March 19, 2013


A New Concert of Nations : In 1990, a billion people earned enough income to consider making discretionary purchases. By 2010, the figure had more than doubled. (TOM NAGORSKI, 3/19/13, WSJ)

Anyone feeling the weight of the world's woes will be grateful for Kishore Mahbubani's "The Great Convergence," a sweeping survey that proves to be, in large measure, a counterweight to global gloom and doom. Mr. Mahbubani, dean of the Lee Kuan Yew School of Public Policy in Singapore, is under no illusions about the troubles we face, but he takes the longer view, reaching back a few decades to see an upward trend and to marvel at how far we have come.

Under Mr. Mahbubani's lens, we see a plunge in the rates of extreme poverty and early-childhood deaths; a rise in literacy; a drop in the number of armed conflicts. "Major interstate wars," says Mr. Mahbubani, "have become a sunset industry." The good-news numbers are remarkable. In 1990, one billion human beings earned enough income to consider making discretionary purchases beyond mere necessity; by 2010, the figure had more than doubled. Mr. Mahbubani has lived this change. He was raised, he says, in "a typical third world city . . . [with] no flush toilets, some malnutrition, ethnic riots and, most importantly of all, no sense of hope for the future." The city was Singapore, today an economic juggernaut with a per-capita income that outranks America's.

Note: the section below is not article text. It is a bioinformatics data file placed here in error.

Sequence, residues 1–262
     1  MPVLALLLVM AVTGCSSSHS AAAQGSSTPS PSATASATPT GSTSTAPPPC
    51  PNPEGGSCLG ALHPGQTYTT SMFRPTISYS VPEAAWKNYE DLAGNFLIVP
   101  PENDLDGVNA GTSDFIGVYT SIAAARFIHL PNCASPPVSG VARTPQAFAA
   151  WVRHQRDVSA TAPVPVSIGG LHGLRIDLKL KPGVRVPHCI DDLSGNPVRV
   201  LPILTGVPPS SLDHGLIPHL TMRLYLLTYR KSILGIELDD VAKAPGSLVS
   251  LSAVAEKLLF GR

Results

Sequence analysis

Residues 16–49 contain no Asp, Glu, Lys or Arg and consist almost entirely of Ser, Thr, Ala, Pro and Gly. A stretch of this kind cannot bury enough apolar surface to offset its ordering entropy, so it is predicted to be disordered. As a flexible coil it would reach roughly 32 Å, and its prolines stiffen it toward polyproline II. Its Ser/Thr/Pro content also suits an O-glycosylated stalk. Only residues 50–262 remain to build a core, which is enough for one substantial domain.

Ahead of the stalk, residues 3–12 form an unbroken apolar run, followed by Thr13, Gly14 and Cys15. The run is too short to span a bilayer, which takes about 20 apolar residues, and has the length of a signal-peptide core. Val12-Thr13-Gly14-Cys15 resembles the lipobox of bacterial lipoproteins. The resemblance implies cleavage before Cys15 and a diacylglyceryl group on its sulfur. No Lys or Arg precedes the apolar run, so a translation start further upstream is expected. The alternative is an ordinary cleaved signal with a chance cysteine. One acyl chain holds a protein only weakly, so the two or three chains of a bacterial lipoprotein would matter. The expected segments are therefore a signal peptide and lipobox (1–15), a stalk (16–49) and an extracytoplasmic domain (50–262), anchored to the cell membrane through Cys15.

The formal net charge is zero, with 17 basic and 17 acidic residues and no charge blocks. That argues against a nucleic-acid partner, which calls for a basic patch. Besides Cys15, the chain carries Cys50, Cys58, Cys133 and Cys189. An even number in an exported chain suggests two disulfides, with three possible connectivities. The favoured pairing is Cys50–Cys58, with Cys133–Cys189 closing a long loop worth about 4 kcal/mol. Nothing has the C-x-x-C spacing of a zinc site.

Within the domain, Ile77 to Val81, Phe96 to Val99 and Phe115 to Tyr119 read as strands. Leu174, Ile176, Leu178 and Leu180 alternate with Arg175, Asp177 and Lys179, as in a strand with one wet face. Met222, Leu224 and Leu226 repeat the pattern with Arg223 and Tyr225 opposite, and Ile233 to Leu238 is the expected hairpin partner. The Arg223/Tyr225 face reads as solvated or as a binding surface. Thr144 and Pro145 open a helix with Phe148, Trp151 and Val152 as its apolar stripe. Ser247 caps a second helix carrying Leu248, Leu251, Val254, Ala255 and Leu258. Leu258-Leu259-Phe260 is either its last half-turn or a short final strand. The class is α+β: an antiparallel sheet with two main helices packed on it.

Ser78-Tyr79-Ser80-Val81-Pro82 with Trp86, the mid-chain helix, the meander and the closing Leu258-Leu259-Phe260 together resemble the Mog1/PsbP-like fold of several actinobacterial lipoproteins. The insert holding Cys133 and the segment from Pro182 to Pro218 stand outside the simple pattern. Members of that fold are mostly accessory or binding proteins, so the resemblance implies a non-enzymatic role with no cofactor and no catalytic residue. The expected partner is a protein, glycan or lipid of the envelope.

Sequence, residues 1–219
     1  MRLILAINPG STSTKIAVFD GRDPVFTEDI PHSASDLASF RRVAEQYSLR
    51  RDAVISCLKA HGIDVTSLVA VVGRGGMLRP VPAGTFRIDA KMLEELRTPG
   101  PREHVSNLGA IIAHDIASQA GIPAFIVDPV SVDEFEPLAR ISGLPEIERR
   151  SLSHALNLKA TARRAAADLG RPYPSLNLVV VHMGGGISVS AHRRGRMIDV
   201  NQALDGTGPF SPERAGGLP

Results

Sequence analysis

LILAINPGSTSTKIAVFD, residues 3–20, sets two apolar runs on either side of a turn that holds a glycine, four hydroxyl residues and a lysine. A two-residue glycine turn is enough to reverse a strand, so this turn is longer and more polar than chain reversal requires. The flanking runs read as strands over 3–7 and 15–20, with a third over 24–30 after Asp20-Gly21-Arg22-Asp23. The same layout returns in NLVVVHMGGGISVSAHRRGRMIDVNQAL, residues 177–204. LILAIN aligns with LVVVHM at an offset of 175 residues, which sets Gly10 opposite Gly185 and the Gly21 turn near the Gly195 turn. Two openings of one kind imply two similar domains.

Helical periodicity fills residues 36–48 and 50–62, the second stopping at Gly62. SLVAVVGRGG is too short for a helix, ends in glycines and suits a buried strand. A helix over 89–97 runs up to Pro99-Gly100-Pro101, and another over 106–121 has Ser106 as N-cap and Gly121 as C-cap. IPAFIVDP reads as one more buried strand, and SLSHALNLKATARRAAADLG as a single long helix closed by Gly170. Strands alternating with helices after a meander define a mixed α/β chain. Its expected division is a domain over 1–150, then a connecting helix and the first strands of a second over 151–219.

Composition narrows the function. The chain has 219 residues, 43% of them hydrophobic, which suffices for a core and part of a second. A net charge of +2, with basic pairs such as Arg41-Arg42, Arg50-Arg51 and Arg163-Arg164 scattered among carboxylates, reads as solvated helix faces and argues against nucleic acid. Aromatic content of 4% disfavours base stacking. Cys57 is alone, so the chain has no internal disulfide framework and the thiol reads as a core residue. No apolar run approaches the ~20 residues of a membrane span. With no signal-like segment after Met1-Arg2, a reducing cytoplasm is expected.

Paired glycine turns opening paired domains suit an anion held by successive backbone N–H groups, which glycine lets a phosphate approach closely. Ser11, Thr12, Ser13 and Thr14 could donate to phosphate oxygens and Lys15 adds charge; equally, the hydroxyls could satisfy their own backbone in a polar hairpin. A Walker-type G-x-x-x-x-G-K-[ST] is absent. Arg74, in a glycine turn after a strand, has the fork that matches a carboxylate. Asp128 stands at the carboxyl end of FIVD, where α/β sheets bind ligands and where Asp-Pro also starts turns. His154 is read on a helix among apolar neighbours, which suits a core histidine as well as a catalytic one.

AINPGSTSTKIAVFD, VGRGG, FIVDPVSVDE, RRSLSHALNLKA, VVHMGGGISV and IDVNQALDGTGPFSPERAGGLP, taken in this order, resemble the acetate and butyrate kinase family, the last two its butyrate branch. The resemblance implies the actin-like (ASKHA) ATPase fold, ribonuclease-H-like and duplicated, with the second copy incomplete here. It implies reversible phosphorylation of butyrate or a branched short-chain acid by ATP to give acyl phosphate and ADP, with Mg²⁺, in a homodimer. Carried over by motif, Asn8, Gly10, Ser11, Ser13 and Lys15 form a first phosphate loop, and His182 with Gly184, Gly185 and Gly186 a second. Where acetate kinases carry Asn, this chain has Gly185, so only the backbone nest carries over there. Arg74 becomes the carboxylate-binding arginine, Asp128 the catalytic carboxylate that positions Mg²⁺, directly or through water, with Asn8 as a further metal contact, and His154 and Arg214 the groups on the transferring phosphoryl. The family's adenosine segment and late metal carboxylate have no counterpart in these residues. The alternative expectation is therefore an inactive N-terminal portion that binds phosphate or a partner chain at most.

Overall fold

Such statistics are presented as evidence of a "great convergence," a phrase that Mr. Mahbubani first spotted in a Financial Times column by Martin Wolf, in which the columnist was describing a convergence of global interests, values and economic fortunes. Of course, nothing says "convergence" like the rush to connectivity, and while we know this story well, Mr. Mahbubani's treatment still startles: Eleven million cellphone subscriptions, world-wide, in 1990; 5½ billion today. In 1985 the world's fastest computer, the Cray 2, the size of a washing machine, was prohibitively expensive and required coolants to avoid overheating. Today the Cray 2's match is the iPad 2, and it runs on 10 watts of power.

Posted by at March 19, 2013 8:26 PM

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